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Update November 11, 2016: September 18, 2016 marked the 31st anniversary of the brutal murder of 16 year old Marcy resident Kimberly Simon. At the time of her disappearance and death, Kim had been attending Whitesboro High School, and was walking on Mohawk St. from her home in Marcy to meet her friend in Whitesboro. Kim never arrived at her friend’s location and the next day she was found murdered.

The case is still being actively investigated by the Oneida County District Attorney’s office and, it is believed, that there is information out there that can assist in solving the case. If anyone has any information, or knows anyone who may have information concerning the circumstances of Kim’s death, people involved, or anything possibly related to the case, please contact Investigator David Matrulli at the Oneida County District Attorney’s office at 315-798-5575 or email dmatrulli@ocgov.net.

Please help solve this horrible crime, and bring closure for the Simon family. All calls and emails will be kept confidential if desired.

Is it possible to convict a man of murder based on questionable eyewitness identifications and invalid forensic science?  Tragically as one New York man found out, it is.

Steven Barnes, now 46, was arrested and charged with the murder, rape and sodomy of a 16-year-old girl in March 1988, two years after the crime took place.  Kimberly Simon, the teenager Barnes was accused of raping and murdering, had left her home on the evening of September 18, 1985, to meet a high school friend.  Kimberly never returned home that night, and police found her body the next day by the side of a dirt road.  She had been raped and strangled to death.

Barnes was pulled in for questioning three days after Simon’s death because several people stated they had seen his truck on the road where Simon’s body had been found around the same time she had last been seen.  Police questioned Barnes for twelve straight hours, gave him a polygraph test, which was inconclusive, and examined his truck for fingerprints and other evidence.  However, because there was no evidence to hold him, he was released without charges at the time.

Unfortunately for Barnes, two years later he was asked by investigators on the case to submit blood, saliva and hair samples, and then on March 1988, he was arrested and charged with rape, sodomy and murder in the death of Kimberly Simon.

Barnes should never have been convicted for Simon’s murder as the evidence introduced at the trial did not implicate him.

  • Evidence from Barnes’ truck – no fingerprints collected matched that of the victim; tracks at the crime scene did not match the truck’s tires.
  • Serological evidence – seminal fluids were inconclusive regarding Barnes because he is a non-secretor.  The DNA testing conducted before the trial was inconclusive, as well.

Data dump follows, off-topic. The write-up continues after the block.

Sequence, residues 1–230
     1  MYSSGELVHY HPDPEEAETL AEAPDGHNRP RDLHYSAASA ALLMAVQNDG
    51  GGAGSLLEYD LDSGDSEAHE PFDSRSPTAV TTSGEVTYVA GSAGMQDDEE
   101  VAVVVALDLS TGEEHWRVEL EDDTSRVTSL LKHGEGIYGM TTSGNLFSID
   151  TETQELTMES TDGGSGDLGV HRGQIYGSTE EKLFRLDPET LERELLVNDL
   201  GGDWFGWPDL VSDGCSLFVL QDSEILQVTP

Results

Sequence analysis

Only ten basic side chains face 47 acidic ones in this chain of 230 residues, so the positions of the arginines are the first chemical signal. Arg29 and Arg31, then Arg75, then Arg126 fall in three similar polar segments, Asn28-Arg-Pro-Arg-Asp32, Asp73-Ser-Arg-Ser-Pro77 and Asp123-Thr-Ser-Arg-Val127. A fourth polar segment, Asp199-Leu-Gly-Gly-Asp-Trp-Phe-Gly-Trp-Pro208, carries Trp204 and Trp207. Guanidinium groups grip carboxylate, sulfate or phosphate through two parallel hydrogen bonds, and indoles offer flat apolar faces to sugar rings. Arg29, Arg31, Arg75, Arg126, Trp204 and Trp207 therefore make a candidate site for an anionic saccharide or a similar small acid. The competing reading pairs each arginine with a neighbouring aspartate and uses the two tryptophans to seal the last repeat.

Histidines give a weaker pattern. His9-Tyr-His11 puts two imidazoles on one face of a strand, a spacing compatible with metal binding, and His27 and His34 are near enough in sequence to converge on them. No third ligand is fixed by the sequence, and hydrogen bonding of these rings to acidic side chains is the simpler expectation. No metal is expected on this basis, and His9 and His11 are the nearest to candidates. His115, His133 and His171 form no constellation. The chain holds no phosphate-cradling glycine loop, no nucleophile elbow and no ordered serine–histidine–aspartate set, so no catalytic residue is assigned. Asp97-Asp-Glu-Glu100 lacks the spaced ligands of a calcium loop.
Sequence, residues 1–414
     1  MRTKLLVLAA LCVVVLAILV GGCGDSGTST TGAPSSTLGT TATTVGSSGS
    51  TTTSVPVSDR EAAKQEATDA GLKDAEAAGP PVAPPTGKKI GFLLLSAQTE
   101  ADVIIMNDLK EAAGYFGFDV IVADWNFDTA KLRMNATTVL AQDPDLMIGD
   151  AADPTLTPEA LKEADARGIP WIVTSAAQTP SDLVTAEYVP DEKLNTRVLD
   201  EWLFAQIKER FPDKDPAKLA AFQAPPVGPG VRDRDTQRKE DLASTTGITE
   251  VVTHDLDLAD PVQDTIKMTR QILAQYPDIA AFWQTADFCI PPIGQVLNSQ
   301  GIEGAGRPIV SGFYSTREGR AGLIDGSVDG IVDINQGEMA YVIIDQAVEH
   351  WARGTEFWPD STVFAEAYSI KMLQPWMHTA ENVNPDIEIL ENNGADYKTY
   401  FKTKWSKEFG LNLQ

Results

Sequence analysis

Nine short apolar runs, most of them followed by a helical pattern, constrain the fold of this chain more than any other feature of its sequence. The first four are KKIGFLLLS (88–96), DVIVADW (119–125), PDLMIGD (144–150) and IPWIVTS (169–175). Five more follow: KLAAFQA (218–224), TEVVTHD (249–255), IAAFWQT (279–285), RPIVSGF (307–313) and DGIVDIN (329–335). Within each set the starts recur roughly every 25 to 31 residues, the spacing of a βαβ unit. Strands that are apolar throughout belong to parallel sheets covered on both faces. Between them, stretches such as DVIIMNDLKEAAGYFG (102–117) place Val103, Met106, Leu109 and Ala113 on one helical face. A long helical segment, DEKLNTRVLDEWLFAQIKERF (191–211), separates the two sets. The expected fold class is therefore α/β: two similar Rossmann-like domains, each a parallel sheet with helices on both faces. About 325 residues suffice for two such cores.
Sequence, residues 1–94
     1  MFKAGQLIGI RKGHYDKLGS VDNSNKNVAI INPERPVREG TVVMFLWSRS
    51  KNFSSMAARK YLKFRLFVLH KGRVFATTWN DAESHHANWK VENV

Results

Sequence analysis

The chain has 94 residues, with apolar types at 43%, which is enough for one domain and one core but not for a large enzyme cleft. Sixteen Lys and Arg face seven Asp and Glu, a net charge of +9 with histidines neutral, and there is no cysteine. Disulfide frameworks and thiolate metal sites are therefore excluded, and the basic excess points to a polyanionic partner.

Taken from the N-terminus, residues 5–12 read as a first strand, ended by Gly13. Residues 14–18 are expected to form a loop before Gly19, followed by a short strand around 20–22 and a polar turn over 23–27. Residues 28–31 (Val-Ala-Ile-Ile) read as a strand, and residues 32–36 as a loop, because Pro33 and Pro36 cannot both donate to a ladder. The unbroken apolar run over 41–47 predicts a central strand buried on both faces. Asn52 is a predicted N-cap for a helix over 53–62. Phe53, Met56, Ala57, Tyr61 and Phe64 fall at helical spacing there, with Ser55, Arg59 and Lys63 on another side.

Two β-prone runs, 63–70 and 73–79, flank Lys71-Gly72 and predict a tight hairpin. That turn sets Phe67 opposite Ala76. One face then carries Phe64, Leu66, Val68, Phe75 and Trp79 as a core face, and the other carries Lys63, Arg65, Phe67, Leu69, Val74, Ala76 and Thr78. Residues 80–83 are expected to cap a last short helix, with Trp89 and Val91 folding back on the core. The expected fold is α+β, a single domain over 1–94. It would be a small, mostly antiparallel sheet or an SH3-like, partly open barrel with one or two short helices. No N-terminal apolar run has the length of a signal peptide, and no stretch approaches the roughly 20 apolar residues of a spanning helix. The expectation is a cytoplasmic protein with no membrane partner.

• Witnesses stated they saw Barnes at a local bowling alley throughout the evening of the murder.
  • A witness stated he saw the victim walking along the road that evening and saw her enter a different truck, not Barnes’ truck.

At the trial, three forms of invalidated forensic science was used against Barnes: a photographic overlay of fabrics from the victim’s jeans and an imprint on Barnes’ truck, patterns  determined by a criminalist to be ” similar”; two hairs collected from Barnes’ truck were “microscopically similar” to the victim’s hair; and soil samples taken from Barnes’ truck and dirt samples taken from the crime scene a year later were deemed “similar.”  These forms of evidence were not the same, just similar.

The final piece of evidence introduced by the state was the testimony of a jailhouse informant, who stated Barnes confessed he murdered Simon while awaiting his trial two years after the crime.

Tragically for Barnes, the jury believed the prosecution’s invalidated forensic evidence and the testimony of a jailhouse informant and sentenced him to twenty-five years to life in prison.

In 2007, the Innocence Project reopened Barnes’ case, and the Oneida County District Attorney agreed to conduct DNA testing using the advanced Y-STR testing that had not been available previously.  The new tests conducted on sperm cells from Simon’s body proved Barnes was not the perpetrator of the crime.

Steven Barnes, after serving nearly twenty years in prison for  a murder and rape he did not commit, was freed on November 25, 2008.  On January 9, 2009, he was exonerated of all charges.

After his exoneration, Barnes said that he was moving on with his life, and was going to do everything he could do to make sure what happened to him doesn’t happen to anyone else.  He also stated, “I want people to know that wrongful convictions happen in New York and that our elected officials can and should pass reforms to prevent them.”

Barnes can, because of his exoneration, seek compensation for his wrongful imprisonment as New York is one of twenty-five states with laws granting compensation to wrongfully convicted people.

Original Article can be found here.